Conceptualizations of professional knowledge for teachers of mathematics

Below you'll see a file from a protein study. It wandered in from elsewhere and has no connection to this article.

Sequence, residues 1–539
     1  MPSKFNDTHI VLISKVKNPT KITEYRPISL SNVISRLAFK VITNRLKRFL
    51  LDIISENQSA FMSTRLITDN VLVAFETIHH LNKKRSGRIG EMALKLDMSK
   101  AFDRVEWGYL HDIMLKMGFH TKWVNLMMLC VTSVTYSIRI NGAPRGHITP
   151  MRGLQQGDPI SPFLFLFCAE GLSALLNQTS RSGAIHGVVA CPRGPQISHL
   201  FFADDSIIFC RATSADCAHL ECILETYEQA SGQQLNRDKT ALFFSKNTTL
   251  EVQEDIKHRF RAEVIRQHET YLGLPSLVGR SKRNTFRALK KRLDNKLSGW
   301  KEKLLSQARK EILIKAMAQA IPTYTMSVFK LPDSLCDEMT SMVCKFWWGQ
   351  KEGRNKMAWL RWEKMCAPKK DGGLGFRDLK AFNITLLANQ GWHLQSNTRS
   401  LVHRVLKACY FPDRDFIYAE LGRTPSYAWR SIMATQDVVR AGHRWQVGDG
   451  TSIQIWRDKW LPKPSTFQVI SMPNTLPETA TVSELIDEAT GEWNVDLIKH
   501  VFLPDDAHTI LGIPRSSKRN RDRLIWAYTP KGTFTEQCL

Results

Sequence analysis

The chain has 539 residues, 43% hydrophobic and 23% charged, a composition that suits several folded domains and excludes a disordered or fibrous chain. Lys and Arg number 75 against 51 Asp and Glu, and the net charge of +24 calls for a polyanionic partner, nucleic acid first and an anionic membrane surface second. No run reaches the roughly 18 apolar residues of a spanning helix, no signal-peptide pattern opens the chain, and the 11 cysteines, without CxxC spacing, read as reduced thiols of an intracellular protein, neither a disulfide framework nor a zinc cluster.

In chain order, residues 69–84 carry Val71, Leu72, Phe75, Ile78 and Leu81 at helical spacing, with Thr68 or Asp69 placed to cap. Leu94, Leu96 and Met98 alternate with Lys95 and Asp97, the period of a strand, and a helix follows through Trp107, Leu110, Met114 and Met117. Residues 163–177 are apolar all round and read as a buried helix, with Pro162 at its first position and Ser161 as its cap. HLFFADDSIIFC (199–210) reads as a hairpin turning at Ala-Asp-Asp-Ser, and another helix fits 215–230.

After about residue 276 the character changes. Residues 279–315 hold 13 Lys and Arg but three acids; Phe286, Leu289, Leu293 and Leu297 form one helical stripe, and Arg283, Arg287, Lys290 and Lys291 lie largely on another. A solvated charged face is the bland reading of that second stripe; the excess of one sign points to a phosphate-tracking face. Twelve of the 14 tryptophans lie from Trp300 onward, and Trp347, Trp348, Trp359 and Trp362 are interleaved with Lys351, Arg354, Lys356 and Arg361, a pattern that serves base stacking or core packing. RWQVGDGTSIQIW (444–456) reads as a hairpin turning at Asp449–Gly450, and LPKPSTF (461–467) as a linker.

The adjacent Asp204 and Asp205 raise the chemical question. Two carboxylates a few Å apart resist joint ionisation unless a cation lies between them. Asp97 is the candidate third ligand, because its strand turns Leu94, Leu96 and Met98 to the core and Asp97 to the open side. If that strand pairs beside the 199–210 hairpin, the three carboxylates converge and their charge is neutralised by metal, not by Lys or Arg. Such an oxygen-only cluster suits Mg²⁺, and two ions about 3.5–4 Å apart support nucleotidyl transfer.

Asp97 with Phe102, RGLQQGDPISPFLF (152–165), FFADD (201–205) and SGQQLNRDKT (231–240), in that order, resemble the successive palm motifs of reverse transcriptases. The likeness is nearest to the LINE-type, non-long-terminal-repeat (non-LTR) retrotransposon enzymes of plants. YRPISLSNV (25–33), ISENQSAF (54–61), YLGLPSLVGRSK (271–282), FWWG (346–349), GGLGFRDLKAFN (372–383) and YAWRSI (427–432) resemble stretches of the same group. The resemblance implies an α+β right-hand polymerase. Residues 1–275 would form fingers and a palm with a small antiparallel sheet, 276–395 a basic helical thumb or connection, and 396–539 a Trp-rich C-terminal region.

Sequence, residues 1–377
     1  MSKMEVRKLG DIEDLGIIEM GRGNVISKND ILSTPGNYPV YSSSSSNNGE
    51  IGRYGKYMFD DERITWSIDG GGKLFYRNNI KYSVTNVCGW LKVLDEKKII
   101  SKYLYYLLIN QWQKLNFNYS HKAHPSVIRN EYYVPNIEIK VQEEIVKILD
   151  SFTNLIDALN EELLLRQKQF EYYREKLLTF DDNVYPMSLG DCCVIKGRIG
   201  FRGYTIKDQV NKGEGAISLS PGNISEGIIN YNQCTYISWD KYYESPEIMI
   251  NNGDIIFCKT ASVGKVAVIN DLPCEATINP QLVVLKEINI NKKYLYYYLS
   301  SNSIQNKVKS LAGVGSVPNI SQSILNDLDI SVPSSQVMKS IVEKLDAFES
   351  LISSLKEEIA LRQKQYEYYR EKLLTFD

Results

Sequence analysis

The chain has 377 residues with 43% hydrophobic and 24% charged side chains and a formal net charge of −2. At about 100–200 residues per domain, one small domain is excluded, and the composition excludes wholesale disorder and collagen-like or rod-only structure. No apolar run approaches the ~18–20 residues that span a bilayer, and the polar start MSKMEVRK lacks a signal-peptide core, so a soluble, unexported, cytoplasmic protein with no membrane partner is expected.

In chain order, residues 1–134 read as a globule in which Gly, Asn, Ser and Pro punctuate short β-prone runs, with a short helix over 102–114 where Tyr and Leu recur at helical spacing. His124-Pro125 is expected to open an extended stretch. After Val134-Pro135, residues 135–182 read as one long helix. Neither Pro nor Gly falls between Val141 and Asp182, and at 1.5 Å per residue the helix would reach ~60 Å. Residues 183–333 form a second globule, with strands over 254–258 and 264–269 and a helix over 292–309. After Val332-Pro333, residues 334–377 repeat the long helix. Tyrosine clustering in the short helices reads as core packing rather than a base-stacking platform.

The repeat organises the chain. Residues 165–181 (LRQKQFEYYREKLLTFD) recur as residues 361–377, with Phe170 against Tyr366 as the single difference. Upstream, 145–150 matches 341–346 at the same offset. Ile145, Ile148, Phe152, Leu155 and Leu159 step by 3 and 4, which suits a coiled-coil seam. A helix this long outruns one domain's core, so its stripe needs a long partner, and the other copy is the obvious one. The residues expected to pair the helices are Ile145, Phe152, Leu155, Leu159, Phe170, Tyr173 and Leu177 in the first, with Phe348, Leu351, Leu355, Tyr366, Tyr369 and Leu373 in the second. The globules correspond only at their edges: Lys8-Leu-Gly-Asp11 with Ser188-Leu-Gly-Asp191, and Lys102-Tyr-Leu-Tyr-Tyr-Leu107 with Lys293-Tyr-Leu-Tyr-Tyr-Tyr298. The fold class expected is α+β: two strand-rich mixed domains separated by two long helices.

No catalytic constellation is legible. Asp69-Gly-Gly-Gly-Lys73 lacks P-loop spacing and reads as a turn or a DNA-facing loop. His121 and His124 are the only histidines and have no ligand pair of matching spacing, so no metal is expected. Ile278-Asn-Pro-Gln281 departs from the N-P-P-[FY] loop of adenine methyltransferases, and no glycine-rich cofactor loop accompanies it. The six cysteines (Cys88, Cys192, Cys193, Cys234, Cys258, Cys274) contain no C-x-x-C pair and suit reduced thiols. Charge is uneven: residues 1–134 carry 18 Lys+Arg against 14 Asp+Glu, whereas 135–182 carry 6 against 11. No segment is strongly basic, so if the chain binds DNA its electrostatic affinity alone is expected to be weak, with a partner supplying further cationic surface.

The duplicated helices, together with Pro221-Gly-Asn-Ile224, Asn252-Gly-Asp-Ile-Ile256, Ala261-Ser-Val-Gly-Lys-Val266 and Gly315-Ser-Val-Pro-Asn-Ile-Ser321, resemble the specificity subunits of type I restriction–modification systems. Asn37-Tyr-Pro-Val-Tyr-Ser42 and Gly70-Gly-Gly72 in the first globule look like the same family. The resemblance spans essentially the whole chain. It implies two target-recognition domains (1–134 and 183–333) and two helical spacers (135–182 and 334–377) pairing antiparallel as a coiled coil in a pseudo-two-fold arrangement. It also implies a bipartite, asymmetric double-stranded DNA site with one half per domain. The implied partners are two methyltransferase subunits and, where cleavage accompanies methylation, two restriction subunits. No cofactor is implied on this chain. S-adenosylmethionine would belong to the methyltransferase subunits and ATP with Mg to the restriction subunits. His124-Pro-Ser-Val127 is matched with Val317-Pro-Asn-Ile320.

Different conceptualizations exist about the components of the knowledge teachers need to teach mathematics with professional consciousness, and a researcher needs to describe and assess that knowledge. The fact, however, is that different conceptualizations respond to different needs, and thus, the variety is even a chance to develop the field further, the field of mathematics-related knowledge for teachers and for teaching. This paper sketches basic ideas of selected theoretical approaches, their goals, their fields of application, and their methods. First, three quite influential projects are introduced: The “Michigan Project” (US), “COACTIV” (Germany), and “TEDS-M” (international). Then three conceptualizations with particular approaches are presented: “Mathematics-for-Teaching” (Canada), Rowland’s “Knowledge Quartet” (UK), and Lindmeier’s “Structure Model” (Germany). The paper closes with some remarks concerning horizons: The first remark points to the restriction of all models of evaluating teachers’ professional knowledge, namely, the everlasting gap between the knowledge per se and the need for acting in the classroom. The second remark reads the recently discussed idea of theory-building as a somewhat neglected aspect of professional knowledge. Thirdly, I discuss briefly how far the seminal CK/PCK distinction could really be an appropriate way into perceiving teachers’ professional knowledge. Finally, I close with a few words on the need not to forget the policy issues of our work. The basic overall idea of the paper is to create—within the limited space—a sufficiently broad spectrum of the issue itself, and what was done in recent years to find a basis for research into teachers’ knowledge as a salient issue for the effective teaching of mathematics.